Taking Positive Language Schoolwide
Positive language is a powerful tool for building a calm, safe school climate. The words we use when we talk to students, the intention behind these words, and how we deliver them shape the way students see themselves and their school. When all school adults—not just classroom teachers—use positive language, children hear consistent messages about behavior expectations, and that consistency helps them feel safer and more independent at school. As a result, they’re more likely to meet established behavior expectations and less likely to make behavior mistakes in those trickier spots, like the cafeteria, the bus, and recess.
What Is Positive Language?
In the Responsive Classroom approach, positive adult language is language that’s direct, brief, and focused clearly on specific actions that help children meet academic and behavior expectations and thrive as valued members of a learning community. The words are delivered in a tone that’s warm and friendly yet professional (no baby talk). The tone is also firm when needed but always kind and respectful (no sarcasm).
Two types of positive adult language are particularly beneficial for instructional assistants and non-classroom staff to learn:
- Reinforcing language names children’s strengths. By highlighting their skills, positive efforts and attitudes, and quality work, reinforcing language gives students a scaffold to stand on as they reach for the next higher level in their learning.
- Reminding language sets students up for success before a possibly challenging task or prompts them just as they begin to go off track so they can stay on task, organized, responsible, and safe.
This article focuses on these two types of language. For more information about them and other types of positive adult language, see The Power of Our Words: Teacher Language That Helps Children Learn and the many free resources in our online information library.
But how can school leaders include all staff in efforts to learn and use positive language? Here are some ideas to consider.
When planning for staff development on using positive language, try to include all the adults in school so everyone hears the same message. As part of the training, use real scenarios that staff members may encounter. For example, cafeteria staff can brainstorm reminding language to use when students are waiting in the lunch line: “Who can remind us how the lunch line should sound?” Or they can practice reinforcing language to use when they see one student help another in the cafeteria: “Shareef, when you helped Amari clean up, you were following our rule of taking care of one another. I bet she really appreciated that.”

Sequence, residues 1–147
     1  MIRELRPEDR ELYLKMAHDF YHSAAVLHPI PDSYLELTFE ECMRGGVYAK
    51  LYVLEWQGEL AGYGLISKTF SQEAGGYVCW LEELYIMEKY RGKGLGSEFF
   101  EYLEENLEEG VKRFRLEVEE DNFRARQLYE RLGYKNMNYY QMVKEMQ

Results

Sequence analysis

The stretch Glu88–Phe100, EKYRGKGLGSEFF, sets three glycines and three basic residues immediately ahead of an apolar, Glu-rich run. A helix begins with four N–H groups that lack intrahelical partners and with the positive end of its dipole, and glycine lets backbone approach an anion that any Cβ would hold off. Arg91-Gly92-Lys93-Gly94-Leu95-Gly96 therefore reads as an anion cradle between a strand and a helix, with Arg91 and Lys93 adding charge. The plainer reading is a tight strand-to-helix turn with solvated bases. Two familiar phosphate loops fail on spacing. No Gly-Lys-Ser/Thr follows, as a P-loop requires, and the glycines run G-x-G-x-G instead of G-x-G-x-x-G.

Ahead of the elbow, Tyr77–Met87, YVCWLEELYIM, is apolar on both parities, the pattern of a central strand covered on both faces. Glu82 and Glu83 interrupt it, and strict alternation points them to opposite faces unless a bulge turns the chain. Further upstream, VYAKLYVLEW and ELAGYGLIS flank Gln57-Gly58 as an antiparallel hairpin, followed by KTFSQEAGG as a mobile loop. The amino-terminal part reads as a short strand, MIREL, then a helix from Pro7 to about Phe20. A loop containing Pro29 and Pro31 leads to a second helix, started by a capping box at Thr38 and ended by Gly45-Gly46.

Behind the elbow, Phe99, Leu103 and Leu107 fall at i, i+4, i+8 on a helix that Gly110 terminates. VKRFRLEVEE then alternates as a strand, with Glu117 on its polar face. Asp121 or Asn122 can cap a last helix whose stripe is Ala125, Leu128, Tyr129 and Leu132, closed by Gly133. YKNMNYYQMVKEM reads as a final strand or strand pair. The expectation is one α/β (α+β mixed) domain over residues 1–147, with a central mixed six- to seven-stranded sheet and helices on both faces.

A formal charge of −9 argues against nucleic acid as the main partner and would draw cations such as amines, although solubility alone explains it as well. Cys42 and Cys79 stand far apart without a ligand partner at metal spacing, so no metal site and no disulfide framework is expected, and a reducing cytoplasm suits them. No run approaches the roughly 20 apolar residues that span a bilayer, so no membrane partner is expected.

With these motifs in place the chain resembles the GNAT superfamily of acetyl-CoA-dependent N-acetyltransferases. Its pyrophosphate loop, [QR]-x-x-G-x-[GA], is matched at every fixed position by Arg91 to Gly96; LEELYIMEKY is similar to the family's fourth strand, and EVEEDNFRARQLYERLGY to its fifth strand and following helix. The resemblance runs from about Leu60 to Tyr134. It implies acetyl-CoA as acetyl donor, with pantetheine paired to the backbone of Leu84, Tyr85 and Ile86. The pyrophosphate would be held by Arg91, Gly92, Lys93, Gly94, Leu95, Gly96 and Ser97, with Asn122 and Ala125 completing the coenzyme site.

Instructional assistants often accompany students in the hallways, so they could brainstorm reminding language to use before students leave the classroom: “What will we look and sound like as we walk?” When instructional assistants notice students walking safely and quietly, they might use reinforcing language like this: “Your quiet voices help everyone continue with their learning!”
It’s highly effective to have staff practice crafting and delivering positive language right at the training. So that they feel more comfortable, consider having them partner with another staff member to do this rather than practicing in front of the whole group. Have each person practice using a respectful tone and neutral body language and getting feedback from their partner. Reassure everyone that although using this language with students may feel awkward at first, it will gradually become more natural.
Provide practice with sentence starters
During each staff training session, choose a focus for using positive language and have staff members generate sentence starters they can take with them and use as they work with students. At one school with 375 students in grades K–6 and a Family and Early Childhood Education Program, school leaders placed common sentence starters on a small card that could be inserted into the back of staff badges. On the card were phrases such as: